As soon as I learned that Jill Kelley knew an attorney working in the Obama White House who arranged her three recent visits to the White House, including a tour of the White House just two days before the election and only days before the White House disclosed that Gen. David Petraeus had resigned as CIA Director because of an extramarital affair he had with his biographer, Paula Broadwell, I became determined to learn who that attorney was. The White House refused to disclose the attorney's name, telling reporters that his name would be disclosed in a few months when White House logs of Jill Kelley's visits to the White House became public. "The man worked as a civilian lawyer in Afghanistan and got to know military personnel, who invited him to MacDill, where he met Kelley. He now works as a lawyer in the White House," the Tampa Bay Times reported.
I thought to myself: How many attorneys on the White House staff formerly worked as a civilian lawyer in Afghanistan? I'm guessing just one. The only one I've been able to find is Michael J. Gottlieb, a special assistant and associate counsel to the President earning $130,500 a year, and I'm pretty sure he's the one who knew Jill Kelley. Gottlieb is a 2003 graduate of Harvard Law School and a 1999 graduate of Northwestern University in Evanston, Illinois. I found the audio of a speech on Northwestern University's website that Gottlieb delivered to Northwestern School of Communication graduates in June of this year. The website story provided this biographical summary for Gottlieb describing his work in Afghanistan as a civilian attorney:
As the Associate White House Counsel and Special Assistant to the President, Gottlieb has advised the President and senior White House staff on a wide range of legal and legal policy issues. From January 2010 to March 2011, he was detailed to Kabul, Afghanistan as the Deputy Director of Combined Joint Interagency Task Force 435, which focused on rule of law development and detention operations for the U.S. Government in Afghanistan. Prior to his time with the Obama Administration, he served as an Assistant United States Attorney in the U.S. Attorney's Office in the Central District of California and practiced at the law firm of WilmerHale in Washington, DC, where he focused on government public policy and appellate litigation.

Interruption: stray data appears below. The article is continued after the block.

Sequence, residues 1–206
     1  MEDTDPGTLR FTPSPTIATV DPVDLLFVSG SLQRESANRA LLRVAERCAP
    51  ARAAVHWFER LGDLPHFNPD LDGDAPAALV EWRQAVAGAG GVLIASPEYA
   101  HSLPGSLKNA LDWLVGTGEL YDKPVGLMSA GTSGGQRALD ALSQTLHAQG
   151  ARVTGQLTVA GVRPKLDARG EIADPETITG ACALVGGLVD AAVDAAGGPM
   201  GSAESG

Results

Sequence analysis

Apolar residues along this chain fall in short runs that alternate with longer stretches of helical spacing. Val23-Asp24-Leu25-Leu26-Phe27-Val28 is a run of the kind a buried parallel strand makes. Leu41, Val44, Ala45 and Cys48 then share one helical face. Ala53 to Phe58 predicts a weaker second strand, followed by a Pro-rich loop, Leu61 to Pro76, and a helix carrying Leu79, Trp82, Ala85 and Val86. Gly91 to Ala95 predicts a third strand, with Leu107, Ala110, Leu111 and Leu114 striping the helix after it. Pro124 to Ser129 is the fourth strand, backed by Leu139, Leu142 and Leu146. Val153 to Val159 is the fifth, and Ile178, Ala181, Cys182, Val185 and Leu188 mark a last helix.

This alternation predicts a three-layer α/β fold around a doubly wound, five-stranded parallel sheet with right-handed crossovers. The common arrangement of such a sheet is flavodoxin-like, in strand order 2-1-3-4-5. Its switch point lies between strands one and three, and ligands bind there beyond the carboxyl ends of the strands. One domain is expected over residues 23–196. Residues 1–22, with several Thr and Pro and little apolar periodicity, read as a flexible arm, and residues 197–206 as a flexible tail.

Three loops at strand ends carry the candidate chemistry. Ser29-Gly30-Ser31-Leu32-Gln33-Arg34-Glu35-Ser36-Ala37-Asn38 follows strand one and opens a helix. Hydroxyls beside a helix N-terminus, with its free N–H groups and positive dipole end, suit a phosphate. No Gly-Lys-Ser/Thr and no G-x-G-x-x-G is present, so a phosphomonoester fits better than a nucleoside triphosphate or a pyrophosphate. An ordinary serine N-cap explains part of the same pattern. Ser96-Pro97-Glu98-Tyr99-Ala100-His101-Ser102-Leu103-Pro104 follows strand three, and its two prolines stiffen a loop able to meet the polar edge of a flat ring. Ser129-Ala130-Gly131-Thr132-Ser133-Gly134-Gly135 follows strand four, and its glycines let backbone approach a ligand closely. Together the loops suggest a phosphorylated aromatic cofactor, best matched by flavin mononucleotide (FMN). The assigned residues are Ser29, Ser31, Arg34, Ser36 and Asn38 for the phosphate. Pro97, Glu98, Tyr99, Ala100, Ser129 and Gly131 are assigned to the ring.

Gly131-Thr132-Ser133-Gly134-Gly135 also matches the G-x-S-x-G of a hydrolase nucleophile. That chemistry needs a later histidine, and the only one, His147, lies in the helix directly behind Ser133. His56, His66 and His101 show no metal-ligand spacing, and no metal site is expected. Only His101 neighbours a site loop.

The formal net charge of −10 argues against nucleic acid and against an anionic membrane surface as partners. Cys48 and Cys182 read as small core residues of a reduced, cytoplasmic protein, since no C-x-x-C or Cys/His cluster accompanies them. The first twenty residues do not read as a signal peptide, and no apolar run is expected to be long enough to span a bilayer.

Immediately after law school, Gottlieb clerked for Judge Stephen Reinhardt on the Ninth Circuit Court of Appeals and for Justice John Paul Stevens on the United States Supreme Court. He is a 2003 graduate of Harvard Law School and a 1999 graduate of the Weinberg College of Arts and Sciences at Northwestern. While at Northwestern, he twice won the intercollegiate National Debate Tournament.Gottlieb attributes how he wound up on the White House counsel's staff as pure luck. He said he went to law school and had become friends with the woman who arranged interviews for the White House counsel's office and who had worked on Obama's Senate campaign in 2004. During Gottlieb's speech to the Northwestern School of Communication's graduates, Gottlieb describes how he wound up working with detainees in Afghanistan. Gottlieb says he was contacted by a brigadier general in the Army who was in charge of detainees and who asked him to come to work with him in Afghanistan as his civilian deputy. Gottlieb described his work at the White House as providing advice on national security legal issues, including detentions and interrogations. Gottlieb explained how the brigadier general in the Army was being sent to Afghanistan to run a new task force to promote rule of law development and head up U.S. detentions. Gottlieb reflected very positively on his experience in Afghanistan. He describes his time spent there as the best 14 months of his life. He said he was inspired by the sacrifice of our soldiers and brave Afghans who held out hope of a better future for their children. Gottlieb said his service in Afghanistan made him a better decision-maker, better colleague, better public servant and a better person.
After doing a little more digging into who that brigadier general could have been, I discovered that another Harvard Law School graduate, Mark Martins, is a brigadier general in the Army who was in charge of detention operations in Afghanistan during the same period of time Gottlieb worked in Afghanistan. Martins graduated from Harvard in 1990, one year ahead of President Obama, and both Martins and Obama served on the Harvard Law Review together. Martins served with Army Gen. David Petraeus when he commanded our forces in Iraq. Both Gottlieb's and Martin's work in Afghanistan overlapped Gen. Petraeus' command of our forces in Afghanistan from July 4, 2010, to July 18, 2011. It makes sense that the military commanders in Afghanistan, such as Gen. Petraeus and Gen. John Allen, both of whom knew Jill Kelley, in addition to Martins, could have been responsible for introducing Gottlieb to Kelley when they invited him to CentComm at MacDill Air Force base in Tampa, Florida.